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Northern Va. Firm Behind Rash Of Anti-Obama Text Messages

A Republican-leaning advertising firm in Northern Virginia is the culprit behind the string of vitriol-laden text messages that hit voters’ phones Tuesday night, blasting President Barack Obama with anti-gay attacks and false claims.

CCAdvertising is the firm that had been accused on Halloween last year of a similar anti-Democratic stunt in several Virginia races, including one involving Republican state Senate candidate Jason Flanary.

Flanary lost to Democratic state Sen. David W. Marsden.

A Jason Flanary is listed as the technical contact in the newly revealed registrations, and Flanary is the chief operating officer of ccAdvertising, according to his bio posted by the Fairfax, Va., chamber of commerce.

The firm and related companies have also been linked to similar incidents of political text spamming elsewhere.

Flanary was not immediately available to discuss the latest stunt, his office said.

The coordinated campaign of cell phone text mail or text messages was full of anti-gay rhetoric and bogus charges against the president. One Virginia voter received a message from the address [email protected] that made the inflammatory claim: “Obama supports homosexuality and its radical social agenda. Say No to Obama on Nov 6!”

Mike Madden tweeted one from [email protected] that declared, “Re-electing Obama puts Medicare at risk.”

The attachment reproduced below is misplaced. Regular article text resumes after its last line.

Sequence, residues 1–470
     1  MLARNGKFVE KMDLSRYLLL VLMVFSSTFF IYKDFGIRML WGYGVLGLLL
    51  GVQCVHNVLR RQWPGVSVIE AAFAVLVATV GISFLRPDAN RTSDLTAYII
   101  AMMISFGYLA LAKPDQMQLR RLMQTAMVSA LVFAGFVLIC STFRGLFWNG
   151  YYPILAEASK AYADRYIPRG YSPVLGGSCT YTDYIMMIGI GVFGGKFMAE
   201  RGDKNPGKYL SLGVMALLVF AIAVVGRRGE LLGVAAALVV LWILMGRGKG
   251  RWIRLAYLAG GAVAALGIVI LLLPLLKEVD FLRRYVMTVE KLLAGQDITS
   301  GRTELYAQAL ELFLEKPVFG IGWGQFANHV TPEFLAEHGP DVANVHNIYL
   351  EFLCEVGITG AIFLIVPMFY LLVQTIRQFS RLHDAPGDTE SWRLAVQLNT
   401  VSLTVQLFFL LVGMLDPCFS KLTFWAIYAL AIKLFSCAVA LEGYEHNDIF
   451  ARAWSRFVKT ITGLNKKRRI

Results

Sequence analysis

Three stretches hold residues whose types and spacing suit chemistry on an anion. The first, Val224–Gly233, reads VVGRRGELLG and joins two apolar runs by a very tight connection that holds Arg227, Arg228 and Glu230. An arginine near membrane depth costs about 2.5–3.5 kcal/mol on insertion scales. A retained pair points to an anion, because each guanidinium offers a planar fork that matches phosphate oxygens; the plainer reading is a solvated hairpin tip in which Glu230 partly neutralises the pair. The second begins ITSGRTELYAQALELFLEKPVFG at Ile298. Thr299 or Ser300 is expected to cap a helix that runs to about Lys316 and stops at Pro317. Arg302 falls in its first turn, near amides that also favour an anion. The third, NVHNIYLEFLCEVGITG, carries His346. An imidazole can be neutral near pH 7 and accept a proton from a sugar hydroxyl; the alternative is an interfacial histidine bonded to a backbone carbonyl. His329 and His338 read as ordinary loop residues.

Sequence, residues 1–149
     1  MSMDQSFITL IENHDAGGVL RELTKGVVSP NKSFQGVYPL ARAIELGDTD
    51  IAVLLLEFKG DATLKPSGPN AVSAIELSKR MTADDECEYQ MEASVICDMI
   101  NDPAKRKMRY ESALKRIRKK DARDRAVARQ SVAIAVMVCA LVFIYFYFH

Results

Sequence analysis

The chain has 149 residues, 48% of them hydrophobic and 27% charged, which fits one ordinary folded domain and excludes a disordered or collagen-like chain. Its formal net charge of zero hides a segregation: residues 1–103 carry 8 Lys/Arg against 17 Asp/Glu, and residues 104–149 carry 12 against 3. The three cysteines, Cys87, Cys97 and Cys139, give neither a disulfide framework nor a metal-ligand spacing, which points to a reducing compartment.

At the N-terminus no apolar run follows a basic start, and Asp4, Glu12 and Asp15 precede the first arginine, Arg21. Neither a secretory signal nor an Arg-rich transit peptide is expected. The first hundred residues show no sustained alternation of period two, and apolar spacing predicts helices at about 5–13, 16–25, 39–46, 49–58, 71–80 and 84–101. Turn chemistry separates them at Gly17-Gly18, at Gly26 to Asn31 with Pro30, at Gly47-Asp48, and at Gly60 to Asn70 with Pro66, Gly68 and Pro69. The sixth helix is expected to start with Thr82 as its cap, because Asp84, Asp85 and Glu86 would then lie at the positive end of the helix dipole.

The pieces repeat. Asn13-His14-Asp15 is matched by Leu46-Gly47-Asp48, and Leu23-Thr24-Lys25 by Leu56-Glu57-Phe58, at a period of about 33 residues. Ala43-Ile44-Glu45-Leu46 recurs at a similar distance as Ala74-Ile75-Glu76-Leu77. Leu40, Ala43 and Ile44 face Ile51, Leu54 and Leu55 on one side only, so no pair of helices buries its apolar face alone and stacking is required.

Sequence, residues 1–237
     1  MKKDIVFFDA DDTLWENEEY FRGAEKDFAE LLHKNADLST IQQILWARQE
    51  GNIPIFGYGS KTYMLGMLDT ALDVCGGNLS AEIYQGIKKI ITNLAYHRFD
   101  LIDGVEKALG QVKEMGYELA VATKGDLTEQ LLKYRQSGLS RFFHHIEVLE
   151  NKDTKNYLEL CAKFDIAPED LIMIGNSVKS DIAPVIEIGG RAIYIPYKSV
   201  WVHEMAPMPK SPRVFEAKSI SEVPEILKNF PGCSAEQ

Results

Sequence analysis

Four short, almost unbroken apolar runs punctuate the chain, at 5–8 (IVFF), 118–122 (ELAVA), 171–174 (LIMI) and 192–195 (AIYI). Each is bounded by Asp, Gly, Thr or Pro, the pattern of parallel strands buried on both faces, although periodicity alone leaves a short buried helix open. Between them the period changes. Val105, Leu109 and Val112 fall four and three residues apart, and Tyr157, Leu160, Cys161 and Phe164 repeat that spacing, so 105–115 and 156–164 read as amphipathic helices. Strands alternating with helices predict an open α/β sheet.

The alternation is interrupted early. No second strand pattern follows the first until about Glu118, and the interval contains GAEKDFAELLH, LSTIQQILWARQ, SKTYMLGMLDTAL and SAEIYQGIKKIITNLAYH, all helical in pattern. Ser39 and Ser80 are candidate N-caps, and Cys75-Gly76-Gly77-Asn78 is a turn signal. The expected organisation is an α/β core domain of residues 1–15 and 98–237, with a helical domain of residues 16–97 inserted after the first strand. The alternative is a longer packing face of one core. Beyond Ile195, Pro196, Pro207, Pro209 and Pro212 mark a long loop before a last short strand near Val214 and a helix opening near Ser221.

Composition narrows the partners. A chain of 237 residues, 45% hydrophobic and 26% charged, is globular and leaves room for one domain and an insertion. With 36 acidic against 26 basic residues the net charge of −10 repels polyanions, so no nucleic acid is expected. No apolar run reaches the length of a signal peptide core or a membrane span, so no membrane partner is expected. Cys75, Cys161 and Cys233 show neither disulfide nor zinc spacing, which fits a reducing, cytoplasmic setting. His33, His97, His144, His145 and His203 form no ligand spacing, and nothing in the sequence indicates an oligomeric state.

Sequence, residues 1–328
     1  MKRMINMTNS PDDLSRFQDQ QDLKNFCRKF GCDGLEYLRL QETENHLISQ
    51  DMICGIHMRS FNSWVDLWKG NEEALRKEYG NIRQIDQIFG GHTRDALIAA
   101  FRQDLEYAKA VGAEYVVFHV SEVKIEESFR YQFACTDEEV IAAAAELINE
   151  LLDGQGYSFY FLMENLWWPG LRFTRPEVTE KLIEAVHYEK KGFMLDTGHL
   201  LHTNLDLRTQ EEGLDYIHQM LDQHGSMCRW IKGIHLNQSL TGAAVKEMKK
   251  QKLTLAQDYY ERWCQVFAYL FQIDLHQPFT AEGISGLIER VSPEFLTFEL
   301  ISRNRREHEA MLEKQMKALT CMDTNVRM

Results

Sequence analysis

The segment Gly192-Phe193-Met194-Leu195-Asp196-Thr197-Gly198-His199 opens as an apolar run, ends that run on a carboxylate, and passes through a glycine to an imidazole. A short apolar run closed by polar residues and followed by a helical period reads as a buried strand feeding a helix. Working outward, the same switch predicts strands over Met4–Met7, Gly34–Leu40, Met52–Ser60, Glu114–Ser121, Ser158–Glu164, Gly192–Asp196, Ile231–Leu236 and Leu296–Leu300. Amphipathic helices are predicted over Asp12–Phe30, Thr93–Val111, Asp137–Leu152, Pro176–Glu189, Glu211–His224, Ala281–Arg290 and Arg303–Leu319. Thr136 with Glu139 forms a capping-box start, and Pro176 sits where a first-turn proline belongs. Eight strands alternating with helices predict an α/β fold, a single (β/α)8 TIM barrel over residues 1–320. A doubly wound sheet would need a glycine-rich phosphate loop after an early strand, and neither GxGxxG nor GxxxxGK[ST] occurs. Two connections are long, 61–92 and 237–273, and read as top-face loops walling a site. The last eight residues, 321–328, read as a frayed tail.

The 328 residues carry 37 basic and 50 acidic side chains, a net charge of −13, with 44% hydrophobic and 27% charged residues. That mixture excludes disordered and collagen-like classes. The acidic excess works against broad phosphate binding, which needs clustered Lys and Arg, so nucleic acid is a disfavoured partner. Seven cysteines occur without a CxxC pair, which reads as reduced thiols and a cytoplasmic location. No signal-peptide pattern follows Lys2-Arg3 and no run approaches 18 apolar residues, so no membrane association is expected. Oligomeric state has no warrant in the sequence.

Attorney Pater Saharko tweeted that he got a message from the same address that read: “Obama is using your tax dollars to fund Planned Parenthood and abortion. Is that right?”

New York Times reporter Jonathan Weisman tweeted that his 13-year-old daughter also received a text. “Obama denies protection to babies who survive abortions. Obama is just wrong,” said the message from [email protected].

HuffPost’s Sam Stein also got a message, declaring, “Seniors cant afford to have 4 more years of Obama budget cuts to Medicare.”

The Federal Communications Commission bans unsolicited text messages, but political operatives use a loophole by sending unsolicited emails to people’s phones. The telephone companies interpret them as text messages and send them along. They also charge the recipient for the unwanted message if the receiver does not have a text messaging plan.

Scott Goodstein, a progressive online strategist with the group Revolution Messaging, said something needs to be done about the problem.

“It costs consumers money,” he said, “and it is disinformation.”

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